This is the first part of the 3 stories from Hinduism and second post in the 5-part series. This is about Sudama, a Brahmin who is a reincarnation of the immortal sage Narada in Hindu mythology.
Sudama looked up from his bed at his wife and three kids sprawled out on the dirt floor in exhaustion and hunger. Their lean bodies expanding and contracting with labored breaths in their stupor. He looked up at the heavens and wondered why he, a poor devout Brahmin suffered this way when he had given himself to a life of pure devotion. He thought of his childhood with Krsna who was revealed to him as an incarnation of Vishnu the object of his worship, the supreme deity that he lived each day to meditate on. Krsna had moved beyond the squalor and simplicity of the Yadavs, the cowherds he was raised with, and taken his place as a royal ruler at Dwarka in the splendor of a magnificent palace, devoted subjects and riding on the crest of breathtaking military victories against the forces of evil.
Sudama's wife looked up at him and asked him what he was thinking. "About Krsna, my dear. Didn't you hear of his siege of the Kuru kingdom?"
"Yes, I did." said Susheela, tucking the loose end of her tattered saree into its hip. "I was wondering if you could request him to help us."
Sudama was silent. Susheela looked into his face. She knew what he was thinking. "You don't have to, you know."
Tears came into his eyes as he looked at Susheela. They had no clothes except the ones they wore. The food was meagre, the alms they received from people they prayed for. There was little left and if they did not get some soon they will surely die. All this in the middle of a devastating drought in Mathura.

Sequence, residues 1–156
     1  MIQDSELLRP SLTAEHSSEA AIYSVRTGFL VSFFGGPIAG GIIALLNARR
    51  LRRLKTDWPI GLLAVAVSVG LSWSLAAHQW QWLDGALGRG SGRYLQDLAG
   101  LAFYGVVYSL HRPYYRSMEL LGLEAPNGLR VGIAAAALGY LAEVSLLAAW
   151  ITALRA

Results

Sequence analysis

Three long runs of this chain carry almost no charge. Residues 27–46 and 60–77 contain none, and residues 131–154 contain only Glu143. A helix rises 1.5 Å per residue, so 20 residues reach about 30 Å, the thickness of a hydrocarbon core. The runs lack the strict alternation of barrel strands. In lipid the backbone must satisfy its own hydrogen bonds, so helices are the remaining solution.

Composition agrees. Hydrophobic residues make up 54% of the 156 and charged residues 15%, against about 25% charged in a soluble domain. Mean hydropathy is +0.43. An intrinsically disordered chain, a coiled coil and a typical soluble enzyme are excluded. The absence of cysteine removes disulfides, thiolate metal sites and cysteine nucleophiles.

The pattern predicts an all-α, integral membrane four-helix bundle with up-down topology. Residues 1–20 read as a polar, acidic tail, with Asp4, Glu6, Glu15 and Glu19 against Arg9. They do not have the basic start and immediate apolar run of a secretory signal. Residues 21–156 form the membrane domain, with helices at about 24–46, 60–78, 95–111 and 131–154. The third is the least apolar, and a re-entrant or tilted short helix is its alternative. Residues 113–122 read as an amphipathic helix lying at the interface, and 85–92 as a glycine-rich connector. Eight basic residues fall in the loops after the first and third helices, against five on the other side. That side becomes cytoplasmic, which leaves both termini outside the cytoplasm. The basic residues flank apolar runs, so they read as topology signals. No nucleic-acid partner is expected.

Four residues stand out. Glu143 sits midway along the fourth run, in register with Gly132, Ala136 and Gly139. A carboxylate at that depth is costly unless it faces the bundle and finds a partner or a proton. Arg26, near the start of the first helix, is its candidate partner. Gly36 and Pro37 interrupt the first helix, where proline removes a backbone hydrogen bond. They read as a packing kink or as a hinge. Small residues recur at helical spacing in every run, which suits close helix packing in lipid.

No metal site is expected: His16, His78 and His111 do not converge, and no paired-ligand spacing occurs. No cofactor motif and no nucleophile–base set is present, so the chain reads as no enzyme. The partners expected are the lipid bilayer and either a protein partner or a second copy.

"I will go, my dear." Sudama stood up, his mind made up. Surely if anyone would help, it had to be Krsna. After all he had lived out his days worshipping him.
As Sudama prepared to go on his journey by foot, Susheela tore a part of her saree's end and packed together some crisp rice, mingled with the dust of their house, wrapping it in the worn cloth as a gift for Sudama's friend.
For days he walked through the forests that ranged between the cities of Mathura in Northern India to the Western city of Dwarka. As he approached the citadel, he looked up to see the goldem dome of its palace glittering in the noonday sun. But Sudama's mind was filled with awe on meeting his friend.
He approached the palace doors and the two Yadav guards glanced enquiringly at his appearance. He explained that he was Krsna's friend. The guards looked shocked, but deciding in their minds that this was a Brahmin in whom there is no falsehood, they decided to check with Krsna himself.
As Krsna heard that Sudama was at the door, he came to meet him himself, embracing his long lost friend.
Days passed as Sudama listened in rapt attention to Krsna's telling of his exploits, the lessons he had imparted to Arjun at the battle of Kurukshetra, the moral quandaries he had faced, defined and solved in war, justice, judgment and relationships.
In Krsna's company Sudama forgot his poverty and was filled with joy. As he prepared to return the thought of requesting a gift was far from his mind. Perhaps it was the unalloyed joy of being in Krsna's presence. Perhaps it was that a tiny voice at the back of his head kept telling him not to ask anything while the friendship was still pure and unworldly. Sudama simply did not ask for anything. As Krsna rode out to meet another evil enemy in battle, he packed up his belongings and bade farewell to Rukmini, Krsna's wife, and left for home.
As he walked back, Sudama thinks about his friendship and his heart is filled with gratitude. He finally reached the forested area where he made his home and suddely realizes what he had failed to do. Weeks had passed. Apprehensive as to whether Susheela and the kids were still alive, he turned the corner of the acacia tree that marked the beginning of the clearance which was his frontyard. He looked up and what he saw took his breath away- a magnificent palance in the place of his lowly thatched hut! Susheela had seen him coming up and ran out to meet him, dressed in a fine saree. Sudama realized that his unspoken needs were met in the worship of his Lord. He vowed to continue in his austerity as he felt that it was desirable and good to be away from the transient pleasures of life and to be utterly devoted to God.